Macy’s, which built the balloon after Koons’ design, wants to display the rabbit in future parades and is seeking other artists willing to float their ideas in its annual Thanksgiving Day spectacular as part of what it calls the Blue Sky Gallery. “We’re interested in bringing a new audience to the parade,” said Robin Hall, the parade’s executive producer. The silver rabbit was modeled after a 1986 Koons stainless-steel sculpture that the artist says was itself a depiction of a rabbit-shaped balloon.

An interesting development for a parade started in the 1920s by employees of Macy’s department store, many of whom were first-generation immigrants. Proud of their new American heritage, they wanted to celebrate the United States holiday of Thanksgiving with the type of festival their parents had loved in Europe.  And how about that purported value of $5 million? 

I like what the Gothamist has to say about adding “fine art” to the parade:

Um, formaldehyde Damien shark, anyone? Or how about a Takashi Murakami Mr. Pointy balloon? Dan Flavin light balloon? Frank Gehry Bilbao balloon? Christo and Jeanne Claude’s Gates?

And for those fans of Hello Kitty:


Related links:
A Bunny Balloon Sheds Its Steel Skin (The New York Times, 11/23/07)
Big Bucks for Bunny Ballon?(The Gothamist, 11/24/07)
Macy’s Thanksgiving Day Parade website
Facts for Features: Thanksgiving Day Nov. 22, 2007 (U.S. Census Bureau)


Good old soda with a twist

artsoda.jpgAll I wanted for Christmas last year was a case of Jones Soda Company’s holiday-themed limited-edition flavored sodas…and I got it!

The flavors were mind blowing: Turkey and Gravy, Sweet Potato, and Pea for the entree, and Cherry, Apple, and Blueberry Pie for dessert.  Antacid should you need it.  I still haven’t found the courage to sample them.

This season the 2007 Holiday Packs (there’s a Christmas and a Chanukah Pack) will feature such flavors as Sugar Plum, Christmas Tree, Egg Nog, Christmas Ham, Jelly Doughnut, Apple Sauce, Chocolate Coins and Latkes.

Why do they do it? To benefit charity, including St. Jude’s Children’s Research Center and Toys for Tots.  I’m sure the notoriety doesn’t hurt sales either.  More questions? Contact Jones Soda at  

Read more about it here and here. 

Related links:
Mmmmmmmm: Fizzy, Bottled Hamfrom FoxNews
Jones Sodafrom Wikipedia, the free encyclopedia
Bevnet: Your source for beverage news: Jones Soda Company
Jones Soda promises ham, tree, doughnut flavored beveragesfrom USAToday
Enjoy a refreshing ham soda from CNN

Related blog posts:
Jones Soda Company – The Thanksgiving Holiday Packfrom eatdrink&bemerry
Enjoy a refreshing ham sodafrom The KSUR Afternoon Show Blog
Jones Soda For The Holidays from That’s Elbert With An “E””

The mouse that roared: digital explosion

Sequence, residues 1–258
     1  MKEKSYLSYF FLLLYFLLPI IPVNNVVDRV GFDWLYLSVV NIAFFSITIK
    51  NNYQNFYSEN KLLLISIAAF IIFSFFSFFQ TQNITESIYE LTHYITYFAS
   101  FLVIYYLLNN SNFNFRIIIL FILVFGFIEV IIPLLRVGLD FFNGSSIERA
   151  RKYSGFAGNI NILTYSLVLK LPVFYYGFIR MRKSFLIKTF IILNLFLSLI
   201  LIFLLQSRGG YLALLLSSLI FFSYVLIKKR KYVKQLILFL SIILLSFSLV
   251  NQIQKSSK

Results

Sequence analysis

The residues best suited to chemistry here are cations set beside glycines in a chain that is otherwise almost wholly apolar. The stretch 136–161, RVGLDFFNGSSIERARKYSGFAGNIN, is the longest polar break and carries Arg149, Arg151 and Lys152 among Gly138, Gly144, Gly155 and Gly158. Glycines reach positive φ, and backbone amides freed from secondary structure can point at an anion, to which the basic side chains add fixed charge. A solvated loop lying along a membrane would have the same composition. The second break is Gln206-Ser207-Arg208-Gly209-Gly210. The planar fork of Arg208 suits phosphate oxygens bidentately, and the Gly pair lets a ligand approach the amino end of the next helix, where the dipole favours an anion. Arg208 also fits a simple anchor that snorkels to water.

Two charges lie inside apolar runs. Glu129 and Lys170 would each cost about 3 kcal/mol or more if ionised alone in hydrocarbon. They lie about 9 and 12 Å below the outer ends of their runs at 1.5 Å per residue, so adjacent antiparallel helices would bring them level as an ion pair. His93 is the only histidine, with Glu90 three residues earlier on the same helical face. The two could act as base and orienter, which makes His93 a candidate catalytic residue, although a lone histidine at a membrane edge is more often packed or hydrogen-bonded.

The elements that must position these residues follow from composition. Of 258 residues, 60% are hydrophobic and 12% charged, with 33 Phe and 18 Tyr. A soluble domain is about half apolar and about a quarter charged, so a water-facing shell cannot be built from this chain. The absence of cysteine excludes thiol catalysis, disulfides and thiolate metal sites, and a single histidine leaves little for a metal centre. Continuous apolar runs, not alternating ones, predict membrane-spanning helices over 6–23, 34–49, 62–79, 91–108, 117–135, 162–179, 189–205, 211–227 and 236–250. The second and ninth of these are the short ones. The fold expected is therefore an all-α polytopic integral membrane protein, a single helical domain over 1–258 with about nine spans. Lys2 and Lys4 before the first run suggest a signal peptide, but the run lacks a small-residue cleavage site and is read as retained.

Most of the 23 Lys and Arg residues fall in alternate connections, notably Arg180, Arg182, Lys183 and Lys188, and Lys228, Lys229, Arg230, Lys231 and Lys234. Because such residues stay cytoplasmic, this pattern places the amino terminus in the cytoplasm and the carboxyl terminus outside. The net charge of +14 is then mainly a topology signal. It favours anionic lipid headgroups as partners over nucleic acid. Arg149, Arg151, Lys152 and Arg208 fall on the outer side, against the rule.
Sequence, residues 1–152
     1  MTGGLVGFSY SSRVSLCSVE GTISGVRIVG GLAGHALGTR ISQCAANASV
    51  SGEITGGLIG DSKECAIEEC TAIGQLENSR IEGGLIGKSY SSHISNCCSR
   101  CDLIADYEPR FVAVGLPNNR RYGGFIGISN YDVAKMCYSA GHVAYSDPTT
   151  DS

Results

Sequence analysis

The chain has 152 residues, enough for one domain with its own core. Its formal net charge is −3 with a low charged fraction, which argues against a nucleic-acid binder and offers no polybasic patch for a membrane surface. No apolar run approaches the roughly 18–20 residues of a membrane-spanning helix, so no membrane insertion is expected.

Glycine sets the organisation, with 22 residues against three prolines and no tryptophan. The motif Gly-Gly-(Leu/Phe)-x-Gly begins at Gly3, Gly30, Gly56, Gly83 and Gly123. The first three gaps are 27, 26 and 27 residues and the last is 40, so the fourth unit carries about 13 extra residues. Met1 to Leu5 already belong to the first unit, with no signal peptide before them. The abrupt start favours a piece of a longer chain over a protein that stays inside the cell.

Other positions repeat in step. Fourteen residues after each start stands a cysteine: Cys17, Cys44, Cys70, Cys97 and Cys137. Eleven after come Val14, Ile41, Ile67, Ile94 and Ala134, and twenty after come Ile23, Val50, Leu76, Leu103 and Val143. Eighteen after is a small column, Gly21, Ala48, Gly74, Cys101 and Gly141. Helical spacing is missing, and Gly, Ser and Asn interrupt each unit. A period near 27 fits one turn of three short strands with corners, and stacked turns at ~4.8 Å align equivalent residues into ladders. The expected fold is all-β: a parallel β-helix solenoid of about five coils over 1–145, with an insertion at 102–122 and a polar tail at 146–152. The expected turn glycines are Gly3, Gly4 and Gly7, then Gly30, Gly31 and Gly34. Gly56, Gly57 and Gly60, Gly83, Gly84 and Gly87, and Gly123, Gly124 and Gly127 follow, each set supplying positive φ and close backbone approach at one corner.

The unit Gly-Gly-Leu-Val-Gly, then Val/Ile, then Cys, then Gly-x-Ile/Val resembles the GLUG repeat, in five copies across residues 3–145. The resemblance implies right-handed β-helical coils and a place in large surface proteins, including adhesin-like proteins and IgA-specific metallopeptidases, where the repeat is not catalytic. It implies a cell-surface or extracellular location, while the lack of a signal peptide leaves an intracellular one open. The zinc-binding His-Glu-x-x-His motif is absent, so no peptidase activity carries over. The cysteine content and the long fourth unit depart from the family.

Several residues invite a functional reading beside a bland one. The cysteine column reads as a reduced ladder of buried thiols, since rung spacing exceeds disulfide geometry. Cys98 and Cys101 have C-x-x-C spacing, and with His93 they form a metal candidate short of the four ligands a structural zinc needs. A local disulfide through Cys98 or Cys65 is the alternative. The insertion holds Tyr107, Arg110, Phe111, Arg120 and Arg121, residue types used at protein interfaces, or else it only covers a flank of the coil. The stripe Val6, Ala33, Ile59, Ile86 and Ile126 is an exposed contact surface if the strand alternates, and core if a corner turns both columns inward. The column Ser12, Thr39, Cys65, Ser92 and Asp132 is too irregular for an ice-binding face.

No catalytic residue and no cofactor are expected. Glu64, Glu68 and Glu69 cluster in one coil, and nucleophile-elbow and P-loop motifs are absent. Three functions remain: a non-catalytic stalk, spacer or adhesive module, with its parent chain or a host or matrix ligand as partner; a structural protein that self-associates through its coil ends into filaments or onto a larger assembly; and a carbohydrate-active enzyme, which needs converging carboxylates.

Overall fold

g3448-4802-dlilogo.jpgIs it possible, as alleged by New York Times writer Nicole Cotroneo, that “The next Salvador Dali is just as likely to wield a computer mouse as a paint brush”? And if so, what does this statement foretell about the future of painting? The Long Island Digital Arts Festival provides a venue for the exploration of digital art.


Digital artists use computers and technology to create images. According to Wikipedia, digital art is:

Art created on a computer in digital form. Digital art can be purely computer-generated, or taken from another source, such as a scanned photograph, or an image drawn using a mouse or graphics tablet.

The Digital Long Island arts festival, composed of juried, invitational, and student exhibitions, is the first of a potentially biennial event providing a platform to display art in all forms using technology as its basis. At first glance the exhibition at Mills Pond House appeared much like a conventional exhibition, offering framed canvases. The exhibition labels highlighted the difference: the framed objects included 3D computer generated images (CGI), digital prints, digital paintings, inkjet prints, digigraphs, ink on canvas, and even hand sewn digital prints.

Looking closely I found no evidence of brushstrokes, no sign of the artist’s touch. The image was glossy and sharp, but had Khadem merely achieved the mimesis of classical European academic painting, or was this something else entirely? And was something vital lost in the transition?

Upon entering the exhibition the viewer is faced with two artworks created by digital artist Alain K. Khadem. I was captured by the imagery in his paired artworks, “Abuse of Power” and “Retribution.” The pair was created using Adobe Printshop and Illustrator and is printed on canvas. I was reminded of the style of painting called trompe-l’oeil (literally, “fool the eye”) and the paintings of 19th century American artist William Harnett. If you enjoy realist still lifes as I do, as well as the contemporary revival of the neoclassical style, visit Khadem’s website: